Sadly, there are still many issues regarding women’s rights that plague our nation to this day. Living as a woman in America, I am more than frustrated at the less than active effort in preventing male favoritism in the work force, the government, and the home. Although laws have been passed along the way to protect women in specific circumstances, no preventative laws have been passed to protect the rights of women. And, annoyingly, the laws that have passed based on courtroom decisions are frequently overthrown, i.e. Roe vs. Wade.
Women in the work force generally make less money than their male counterparts, despite legislation in the Equal Pay Act declaring it unconstitutional. Women are still statistically less likely to get promoted over a man, despite the overthrow of the “glass ceiling.” Although the ratio of women to men in congress is at its current all-time highest point, there still has yet to be a female president.
When Hillary Clinton ran for president this last term, womankind heard some of the most shocking sexist viewpoints from the people of this country. Many expressed concern that a woman could not run this country’s militia since females tend to be more nurturing and forgiving. Critics said she would be incapable of making the “hard decisions” like the choice to use nuclear force if necessary. There was fear that if Mrs. Clinton became Mrs. President, our country would not be taken seriously in national affairs, especially since women still don‘t have any rights at all in some countries. Since women are generally more emotional than men, many feared that her decisions would not be made rationally, and this could put everyone at risk in a crisis situation. All of this is pretty ridiculous, especially if we consider the track record of most of the male presidents in the past who were driven by nothing more than greed and power, not to mention the many infamous corrupt political and sexual affairs and indiscretions.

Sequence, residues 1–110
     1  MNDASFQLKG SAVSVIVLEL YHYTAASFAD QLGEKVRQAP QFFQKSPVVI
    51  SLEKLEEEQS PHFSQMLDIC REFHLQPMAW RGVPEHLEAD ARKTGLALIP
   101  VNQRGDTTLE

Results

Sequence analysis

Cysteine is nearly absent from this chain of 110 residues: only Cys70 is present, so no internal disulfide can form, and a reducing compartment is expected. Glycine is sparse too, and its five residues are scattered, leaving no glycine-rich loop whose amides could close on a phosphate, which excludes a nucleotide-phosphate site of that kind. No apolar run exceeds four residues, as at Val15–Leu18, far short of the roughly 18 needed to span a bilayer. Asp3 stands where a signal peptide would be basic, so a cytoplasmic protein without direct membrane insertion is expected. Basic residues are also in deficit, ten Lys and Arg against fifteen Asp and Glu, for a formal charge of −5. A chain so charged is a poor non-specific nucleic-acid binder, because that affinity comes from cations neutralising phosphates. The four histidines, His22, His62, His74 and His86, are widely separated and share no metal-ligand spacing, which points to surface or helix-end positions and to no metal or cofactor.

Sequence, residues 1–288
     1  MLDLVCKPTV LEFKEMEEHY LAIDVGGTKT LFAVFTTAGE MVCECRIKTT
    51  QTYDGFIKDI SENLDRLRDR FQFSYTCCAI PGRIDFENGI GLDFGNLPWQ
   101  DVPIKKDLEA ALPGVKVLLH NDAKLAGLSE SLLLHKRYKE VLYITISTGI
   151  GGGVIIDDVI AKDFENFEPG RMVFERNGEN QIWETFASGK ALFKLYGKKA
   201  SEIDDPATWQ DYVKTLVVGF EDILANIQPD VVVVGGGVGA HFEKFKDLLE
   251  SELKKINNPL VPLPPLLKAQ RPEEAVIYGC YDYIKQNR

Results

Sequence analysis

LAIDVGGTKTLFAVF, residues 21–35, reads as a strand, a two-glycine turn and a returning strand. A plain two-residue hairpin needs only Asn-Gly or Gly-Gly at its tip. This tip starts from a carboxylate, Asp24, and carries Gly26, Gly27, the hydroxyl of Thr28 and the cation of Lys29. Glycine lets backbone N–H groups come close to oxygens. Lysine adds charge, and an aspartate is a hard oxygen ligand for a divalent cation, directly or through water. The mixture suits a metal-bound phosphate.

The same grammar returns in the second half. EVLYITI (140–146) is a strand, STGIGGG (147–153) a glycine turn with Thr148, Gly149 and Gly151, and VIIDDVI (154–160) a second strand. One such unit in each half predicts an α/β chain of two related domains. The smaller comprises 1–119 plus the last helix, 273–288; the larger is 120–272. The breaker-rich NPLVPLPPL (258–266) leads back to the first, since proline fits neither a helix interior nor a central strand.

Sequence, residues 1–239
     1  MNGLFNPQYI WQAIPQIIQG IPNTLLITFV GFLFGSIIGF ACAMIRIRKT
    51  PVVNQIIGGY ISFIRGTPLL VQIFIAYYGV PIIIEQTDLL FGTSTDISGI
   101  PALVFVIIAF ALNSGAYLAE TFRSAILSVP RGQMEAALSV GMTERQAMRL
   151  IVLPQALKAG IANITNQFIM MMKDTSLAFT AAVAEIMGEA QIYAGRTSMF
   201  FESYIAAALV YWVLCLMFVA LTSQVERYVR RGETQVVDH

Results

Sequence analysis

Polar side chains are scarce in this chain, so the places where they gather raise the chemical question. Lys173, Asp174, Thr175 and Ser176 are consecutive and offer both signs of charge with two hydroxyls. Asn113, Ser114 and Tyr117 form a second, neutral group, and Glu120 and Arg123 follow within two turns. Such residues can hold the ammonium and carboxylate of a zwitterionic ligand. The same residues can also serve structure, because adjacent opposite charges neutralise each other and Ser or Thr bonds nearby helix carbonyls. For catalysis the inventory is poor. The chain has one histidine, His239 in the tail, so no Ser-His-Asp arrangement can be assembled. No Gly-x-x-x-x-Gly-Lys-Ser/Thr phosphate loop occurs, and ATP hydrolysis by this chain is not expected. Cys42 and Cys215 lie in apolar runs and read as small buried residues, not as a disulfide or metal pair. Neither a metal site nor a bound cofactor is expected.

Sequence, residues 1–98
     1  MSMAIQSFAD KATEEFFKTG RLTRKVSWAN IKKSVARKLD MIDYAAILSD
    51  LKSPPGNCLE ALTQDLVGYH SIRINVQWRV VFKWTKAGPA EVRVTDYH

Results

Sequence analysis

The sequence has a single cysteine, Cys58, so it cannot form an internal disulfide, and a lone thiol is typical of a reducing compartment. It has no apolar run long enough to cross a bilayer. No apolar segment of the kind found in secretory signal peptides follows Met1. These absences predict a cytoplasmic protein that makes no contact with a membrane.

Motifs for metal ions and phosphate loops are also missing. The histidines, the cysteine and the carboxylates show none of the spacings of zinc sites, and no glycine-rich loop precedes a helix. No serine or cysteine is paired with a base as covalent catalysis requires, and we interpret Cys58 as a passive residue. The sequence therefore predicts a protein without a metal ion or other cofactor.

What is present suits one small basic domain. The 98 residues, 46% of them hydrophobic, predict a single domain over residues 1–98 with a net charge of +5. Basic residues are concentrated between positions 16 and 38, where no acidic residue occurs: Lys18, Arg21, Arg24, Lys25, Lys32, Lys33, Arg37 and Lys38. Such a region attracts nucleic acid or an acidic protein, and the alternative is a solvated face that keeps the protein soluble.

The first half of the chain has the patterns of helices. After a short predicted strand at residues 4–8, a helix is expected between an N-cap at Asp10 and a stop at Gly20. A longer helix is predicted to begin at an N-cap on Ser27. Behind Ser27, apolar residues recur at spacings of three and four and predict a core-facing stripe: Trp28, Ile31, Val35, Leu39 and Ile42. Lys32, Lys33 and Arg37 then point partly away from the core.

Although there are many laws in existence that protect women’s rights, like title IX and the Pregnancy Discrimination Act, there is still no national constitutional law that protects the rights of women. The ERA would declare women’s rights as equal to men’s, but in nine decades it still has not passed. Without the proper legislation to permanently and unarguably protect the rights of women in this country, who’s to say that at any time the rights that we have fought for to this point will not be overthrown?
Women have made countless contributions to society in every field of study, and as intelligent human beings we deserve the identical rights of the men with whom we share this country. By not including a clause in the constitution declaring women as equal counterparts to men, we limit ourselves as a species. How can we ever expect to reach our full potential as a sophisticated and dominant country, setting the standards for countries we wish to reorganize, when there are still so many wrongs on the